RESULTS: We identified 193 women (1.5%) who developed hyperemesis among 13,053 women. Racial status, marital status, age, and gravidity were similar between the hyperemesis patients and the general population. However, there were less women with hyperemesis who were para 3 or greater. Forty-six women (24%) required hospitalization for hyperemesis, mean hospital stay 1.8 days, range 1-10 days. One patient required parenteral nutrition, two had yeast esophagitis, none had HIV infection, psychiatric pathology or thyroid disease. Pregnancy outcomes between hyperemesis patients and the general population were similar for mean birth weight, mean gestational age, deliveries less than 37 weeks, Apgar scores, perinatal mortality or incidence of fetal anomalies. Our incidence of hyperemesis (1.5%) is similar to that of other published reports.
CONCLUSION: Women with hyperemesis have similar demographic characteristics to the general obstetric population, and have similar obstetric outcomes.
AD
Department of OB/GYN, UNC School of Medicine, Eugene, OR, USA.
PMID
126
TI
Nausea during pregnancy and congenital heart defects: a population-based case-control study.
AU
Boneva RS, Moore CA, Botto L, Wong LY, Erickson JD
SO
Am J Epidemiol. 1999;149(8):717.
 
The authors investigated the possible association between a mother's nausea during pregnancy and her child's risk for a congenital heart defect using data from the population-based Atlanta Birth Defects Case-Control Study conducted in 1982-1983. Case infants (n = 998) had nonsyndromic congenital heart defects and control infants (n = 3,029) had no congenital defects. Nausea during pregnancy (NP) was graded in eight levels of "severity" based on its onset, frequency, and duration. Level 1, the most severe NP, was associated with a lower risk for a congenital heart defect in the child (odds ratio (OR) = 0.81, 95% confidence interval (CI) 0.67-0.99) compared with no nausea. The lower risk tended to disappear with less severe levels of nausea, and the trend was statistically significant. Overall, early NP (levels 1 to 4 combined) with use of antinausea medication, particularly Bendectin (doxylamine, dicyclomine (dropped from the formulation in 1976), pyridoxine (vitamin B6)), was associated with a lower risk for congenital heart defects compared with: 1) absence of nausea (OR = 0.67, 95% CI 0.50-0.92), and 2) nausea without medication use (OR = 0.70, 95% CI 0.50-0.94). The results suggest that pregnancy hormones and factors or, alternatively, a component of Bendectin (most probably pyridoxine) may be important for normal heart development. These findings outline potential areas for future research on and prevention of congenital heart defects.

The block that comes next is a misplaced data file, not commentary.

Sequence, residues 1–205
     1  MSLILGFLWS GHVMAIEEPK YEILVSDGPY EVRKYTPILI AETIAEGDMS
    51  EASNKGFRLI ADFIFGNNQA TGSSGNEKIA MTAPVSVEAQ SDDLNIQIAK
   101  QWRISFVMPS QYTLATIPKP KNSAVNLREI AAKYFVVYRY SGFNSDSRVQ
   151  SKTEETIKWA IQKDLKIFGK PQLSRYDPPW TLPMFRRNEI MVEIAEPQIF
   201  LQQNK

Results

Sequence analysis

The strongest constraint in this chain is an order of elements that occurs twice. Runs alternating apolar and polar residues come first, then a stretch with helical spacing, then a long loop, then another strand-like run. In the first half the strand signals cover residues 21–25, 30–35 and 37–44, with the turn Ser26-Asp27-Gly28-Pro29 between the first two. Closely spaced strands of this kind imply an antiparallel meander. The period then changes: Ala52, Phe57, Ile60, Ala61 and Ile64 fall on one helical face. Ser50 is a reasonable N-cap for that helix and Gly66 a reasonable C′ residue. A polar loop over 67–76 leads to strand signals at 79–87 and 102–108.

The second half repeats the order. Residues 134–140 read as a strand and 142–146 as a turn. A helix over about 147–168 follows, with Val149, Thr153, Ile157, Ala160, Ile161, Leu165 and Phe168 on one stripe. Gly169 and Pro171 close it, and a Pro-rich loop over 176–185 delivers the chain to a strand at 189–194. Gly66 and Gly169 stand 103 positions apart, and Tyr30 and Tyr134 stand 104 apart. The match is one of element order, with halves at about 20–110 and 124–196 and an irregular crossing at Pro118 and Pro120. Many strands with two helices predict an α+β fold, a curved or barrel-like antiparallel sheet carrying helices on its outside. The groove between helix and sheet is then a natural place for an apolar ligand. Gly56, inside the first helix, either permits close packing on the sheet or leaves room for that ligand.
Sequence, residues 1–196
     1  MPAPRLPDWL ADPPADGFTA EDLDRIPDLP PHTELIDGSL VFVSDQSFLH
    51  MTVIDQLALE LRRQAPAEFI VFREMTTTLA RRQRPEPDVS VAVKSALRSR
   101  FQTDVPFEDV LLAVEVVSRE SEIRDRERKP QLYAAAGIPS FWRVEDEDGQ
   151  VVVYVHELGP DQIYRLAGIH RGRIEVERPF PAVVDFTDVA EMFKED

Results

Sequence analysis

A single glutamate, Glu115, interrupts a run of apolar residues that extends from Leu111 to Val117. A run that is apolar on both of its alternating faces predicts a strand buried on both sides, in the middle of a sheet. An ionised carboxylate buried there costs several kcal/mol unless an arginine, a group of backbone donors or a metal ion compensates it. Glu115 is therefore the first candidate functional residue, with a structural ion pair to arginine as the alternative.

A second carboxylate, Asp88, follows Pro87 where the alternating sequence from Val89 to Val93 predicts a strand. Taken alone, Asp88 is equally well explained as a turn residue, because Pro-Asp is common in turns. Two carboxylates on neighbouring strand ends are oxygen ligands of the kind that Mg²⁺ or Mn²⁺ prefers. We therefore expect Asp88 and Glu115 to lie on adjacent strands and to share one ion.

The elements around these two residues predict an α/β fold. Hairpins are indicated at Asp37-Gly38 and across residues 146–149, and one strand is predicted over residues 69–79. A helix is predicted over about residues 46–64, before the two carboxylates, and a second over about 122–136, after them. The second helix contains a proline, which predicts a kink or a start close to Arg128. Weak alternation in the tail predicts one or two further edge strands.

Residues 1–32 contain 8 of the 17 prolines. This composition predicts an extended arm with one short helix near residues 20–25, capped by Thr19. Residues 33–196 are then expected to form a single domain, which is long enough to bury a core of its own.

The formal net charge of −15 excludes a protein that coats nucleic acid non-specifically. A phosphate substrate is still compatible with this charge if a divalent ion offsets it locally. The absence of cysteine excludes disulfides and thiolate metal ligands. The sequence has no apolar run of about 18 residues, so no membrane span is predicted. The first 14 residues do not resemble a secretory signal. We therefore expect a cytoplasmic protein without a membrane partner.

AD
Epidemic Intelligence Service, Epidemiology Program Office, Centers for Disease Control and Prevention, Atlanta, GA, USA.
PMID
127
TI
Is vomiting during pregnancy teratogenic?
AU
Klebanoff MA, Mills JL
SO
Br Med J (Clin Res Ed). 1986;292(6522):724.
 
The possibility that antiemetics used during pregnancy are teratogenic has been hotly debated; the effect of vomiting itself, however, has been largely ignored. The relation between vomiting and congenital malformations was examined in a prospective study of 16398 women who registered for prenatal care at or before 20 weeks' gestation. The odds ratios for malformations among women who vomited compared with women who did not were 1.14 for major malformations (p = 0.13), 0.88 for deformations (p = 0.39), 1.03 for hernias or undescended testes (p = 0.82), 1.06 for any of these three conditions (p = 0.38), 1.09 for minor anomalies (p = 0.14), and 1.10 for any anomaly (p = 0.03). After adjustment for use of antiemetics and five other confounding variables vomiting was not associated with a significantly increased risk of any of the above malformations. These data suggest that the increased risk, if any, among women receiving antiemetics during pregnancy is due to the drugs, not the vomiting.
AD
PMID